idk if this was clarified or not, from what i read it wasn't, but if it was i'm sorry.... the lawyers don't negotiate pub splits, the artist/management negotiate with the producer/management to reach a "fair" agreement. in a normal situation, its usually 50/50 artist producer, if the artist shares writing credits and isn't the sole writer, they then split they 50 percent with those other writer(s) however they negotiate it to be split. in a situation like this, i almost think it was generous of wayne to give this producer 35% because he probably could have given him 25% and the dude would have been happy about it, knowing it was for waynes album and the ascaap/bmi checks he'd be getting quarterly would be pretty fat.
this is what called a 'split', artists are told to make 'split sheets' for every song they make, not just album songs, just in case the song is ever released so there is no problem. it can work the opposite way, say you're a nobody rapper and somehow get dr. dre to give you a beat he knows you're gonna use it for your album, he tells you if you want it the split has to be 75/25 in his favor, and you really have no choice, so you do it and are pissed off about it later, but it happens all the time.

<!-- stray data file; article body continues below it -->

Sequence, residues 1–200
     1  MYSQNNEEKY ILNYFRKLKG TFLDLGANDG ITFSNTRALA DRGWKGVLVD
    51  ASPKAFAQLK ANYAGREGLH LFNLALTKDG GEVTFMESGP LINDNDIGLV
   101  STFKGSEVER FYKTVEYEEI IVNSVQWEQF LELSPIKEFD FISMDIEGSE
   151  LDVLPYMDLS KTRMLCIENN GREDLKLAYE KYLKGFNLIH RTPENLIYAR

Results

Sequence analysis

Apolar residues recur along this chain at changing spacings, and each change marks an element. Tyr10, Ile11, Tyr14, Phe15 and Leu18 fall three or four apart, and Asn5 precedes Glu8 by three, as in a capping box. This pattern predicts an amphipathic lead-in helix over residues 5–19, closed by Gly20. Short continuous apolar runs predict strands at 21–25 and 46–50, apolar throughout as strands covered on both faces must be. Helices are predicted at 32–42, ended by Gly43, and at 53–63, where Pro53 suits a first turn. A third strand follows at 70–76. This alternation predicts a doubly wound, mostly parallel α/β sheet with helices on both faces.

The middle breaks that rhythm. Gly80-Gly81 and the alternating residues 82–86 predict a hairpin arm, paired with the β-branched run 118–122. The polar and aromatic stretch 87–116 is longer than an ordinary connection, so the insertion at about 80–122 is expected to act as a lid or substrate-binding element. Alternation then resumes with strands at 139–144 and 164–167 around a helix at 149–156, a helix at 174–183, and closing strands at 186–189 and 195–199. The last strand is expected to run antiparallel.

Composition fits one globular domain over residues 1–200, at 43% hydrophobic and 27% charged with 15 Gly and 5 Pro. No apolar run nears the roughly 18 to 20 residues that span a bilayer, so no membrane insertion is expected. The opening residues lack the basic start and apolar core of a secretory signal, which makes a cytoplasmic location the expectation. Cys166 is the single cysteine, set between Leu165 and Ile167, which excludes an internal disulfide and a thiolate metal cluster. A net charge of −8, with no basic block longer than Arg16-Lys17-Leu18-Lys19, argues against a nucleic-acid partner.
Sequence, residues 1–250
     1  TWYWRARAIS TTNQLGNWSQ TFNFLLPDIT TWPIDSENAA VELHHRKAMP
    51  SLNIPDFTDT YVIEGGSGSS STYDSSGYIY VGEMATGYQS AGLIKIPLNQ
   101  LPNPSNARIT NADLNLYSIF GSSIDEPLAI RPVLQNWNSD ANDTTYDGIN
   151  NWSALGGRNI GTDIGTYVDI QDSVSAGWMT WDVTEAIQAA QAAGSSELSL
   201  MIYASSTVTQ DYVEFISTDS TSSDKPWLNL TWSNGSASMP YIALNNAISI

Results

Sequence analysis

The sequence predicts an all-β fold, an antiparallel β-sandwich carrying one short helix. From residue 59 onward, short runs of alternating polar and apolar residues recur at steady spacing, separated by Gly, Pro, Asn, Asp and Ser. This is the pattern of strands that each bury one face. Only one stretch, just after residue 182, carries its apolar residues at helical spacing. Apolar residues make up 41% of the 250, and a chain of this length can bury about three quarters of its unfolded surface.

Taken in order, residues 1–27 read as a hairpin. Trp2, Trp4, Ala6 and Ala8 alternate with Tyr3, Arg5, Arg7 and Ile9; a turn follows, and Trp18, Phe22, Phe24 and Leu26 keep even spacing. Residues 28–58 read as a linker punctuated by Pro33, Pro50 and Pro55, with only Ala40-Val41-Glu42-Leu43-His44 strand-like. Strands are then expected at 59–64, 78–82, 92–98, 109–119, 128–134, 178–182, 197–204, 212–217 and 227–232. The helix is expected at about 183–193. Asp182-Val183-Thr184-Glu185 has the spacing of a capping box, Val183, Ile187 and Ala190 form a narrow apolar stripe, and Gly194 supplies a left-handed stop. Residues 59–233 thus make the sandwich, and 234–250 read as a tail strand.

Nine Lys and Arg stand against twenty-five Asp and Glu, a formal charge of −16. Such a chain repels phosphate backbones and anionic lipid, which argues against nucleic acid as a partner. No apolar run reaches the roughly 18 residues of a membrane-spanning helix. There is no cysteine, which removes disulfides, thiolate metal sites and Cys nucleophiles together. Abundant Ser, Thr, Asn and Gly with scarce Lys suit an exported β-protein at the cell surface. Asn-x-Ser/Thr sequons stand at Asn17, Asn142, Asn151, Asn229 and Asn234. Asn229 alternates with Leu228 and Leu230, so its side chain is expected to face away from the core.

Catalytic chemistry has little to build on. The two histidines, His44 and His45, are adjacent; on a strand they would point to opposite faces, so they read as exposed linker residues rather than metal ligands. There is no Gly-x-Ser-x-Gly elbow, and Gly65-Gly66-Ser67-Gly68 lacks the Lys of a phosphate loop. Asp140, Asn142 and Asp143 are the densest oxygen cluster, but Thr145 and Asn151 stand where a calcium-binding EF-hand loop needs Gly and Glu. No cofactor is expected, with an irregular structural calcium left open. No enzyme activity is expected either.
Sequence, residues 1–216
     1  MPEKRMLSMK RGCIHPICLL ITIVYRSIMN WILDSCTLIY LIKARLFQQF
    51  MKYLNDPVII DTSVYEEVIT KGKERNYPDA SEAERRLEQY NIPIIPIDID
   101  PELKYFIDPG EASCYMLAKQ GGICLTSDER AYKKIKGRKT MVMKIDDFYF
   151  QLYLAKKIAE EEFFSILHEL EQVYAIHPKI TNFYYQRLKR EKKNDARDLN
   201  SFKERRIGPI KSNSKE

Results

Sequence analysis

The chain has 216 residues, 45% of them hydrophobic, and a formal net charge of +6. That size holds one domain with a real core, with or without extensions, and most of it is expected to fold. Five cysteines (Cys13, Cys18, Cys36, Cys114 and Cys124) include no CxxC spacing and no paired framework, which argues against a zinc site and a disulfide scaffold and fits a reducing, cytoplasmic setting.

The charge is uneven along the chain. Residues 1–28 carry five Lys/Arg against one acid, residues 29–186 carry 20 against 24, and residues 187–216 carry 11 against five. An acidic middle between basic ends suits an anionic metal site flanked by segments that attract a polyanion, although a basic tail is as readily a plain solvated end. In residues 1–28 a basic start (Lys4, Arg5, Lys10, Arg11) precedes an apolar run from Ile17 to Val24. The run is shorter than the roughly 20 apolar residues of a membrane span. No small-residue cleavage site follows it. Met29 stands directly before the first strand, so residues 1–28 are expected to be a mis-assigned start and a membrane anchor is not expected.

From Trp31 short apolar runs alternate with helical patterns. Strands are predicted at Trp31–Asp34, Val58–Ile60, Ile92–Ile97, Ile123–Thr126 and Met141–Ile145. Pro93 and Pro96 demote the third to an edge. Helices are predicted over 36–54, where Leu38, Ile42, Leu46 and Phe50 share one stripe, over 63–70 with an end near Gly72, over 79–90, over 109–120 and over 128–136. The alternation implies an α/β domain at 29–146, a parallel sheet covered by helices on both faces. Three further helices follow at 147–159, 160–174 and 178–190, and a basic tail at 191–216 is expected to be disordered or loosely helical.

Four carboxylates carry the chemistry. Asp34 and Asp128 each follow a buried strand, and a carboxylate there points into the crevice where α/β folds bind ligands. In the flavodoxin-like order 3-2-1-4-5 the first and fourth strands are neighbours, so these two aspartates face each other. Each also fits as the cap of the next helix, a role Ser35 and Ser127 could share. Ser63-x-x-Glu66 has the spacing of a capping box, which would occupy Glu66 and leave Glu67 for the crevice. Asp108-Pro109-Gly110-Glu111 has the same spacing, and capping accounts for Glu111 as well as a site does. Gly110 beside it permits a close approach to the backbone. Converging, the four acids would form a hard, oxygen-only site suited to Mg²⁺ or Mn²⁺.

some producers take an upfront free in addition to their pub split. if this happens the producer usually takes a lower % than they normall would have taken, because they believe that either the song or the album will not do well and that the upfront money is a more sound way of doing business for that particular instance.
the guy suing them should be suing all of them, universal, ymcmb, wayne, the produers, all of them. they are all responsible for the use of the song, not just the producer who gave the song away. universal/ymcmb, as usual, didn't do their due dilligence to figure out who if anybody else owned parts of or the whole song, and it comes back to bite them.
in regards to a milli, from what i understand, bangladesh let that go because the producer who submitted it to him, told him it was sample free, after bangladesh added whatever sounds to it that he did so he could take a producer credit (the dr dre method of producing), he then told wayne & co. that it was sample free. in reality the "a milli a milli a milli" is sampled from an old tribe called quest b-side remix, which i can't remember off top, and they all got sued over it, and bangladesh felt stupid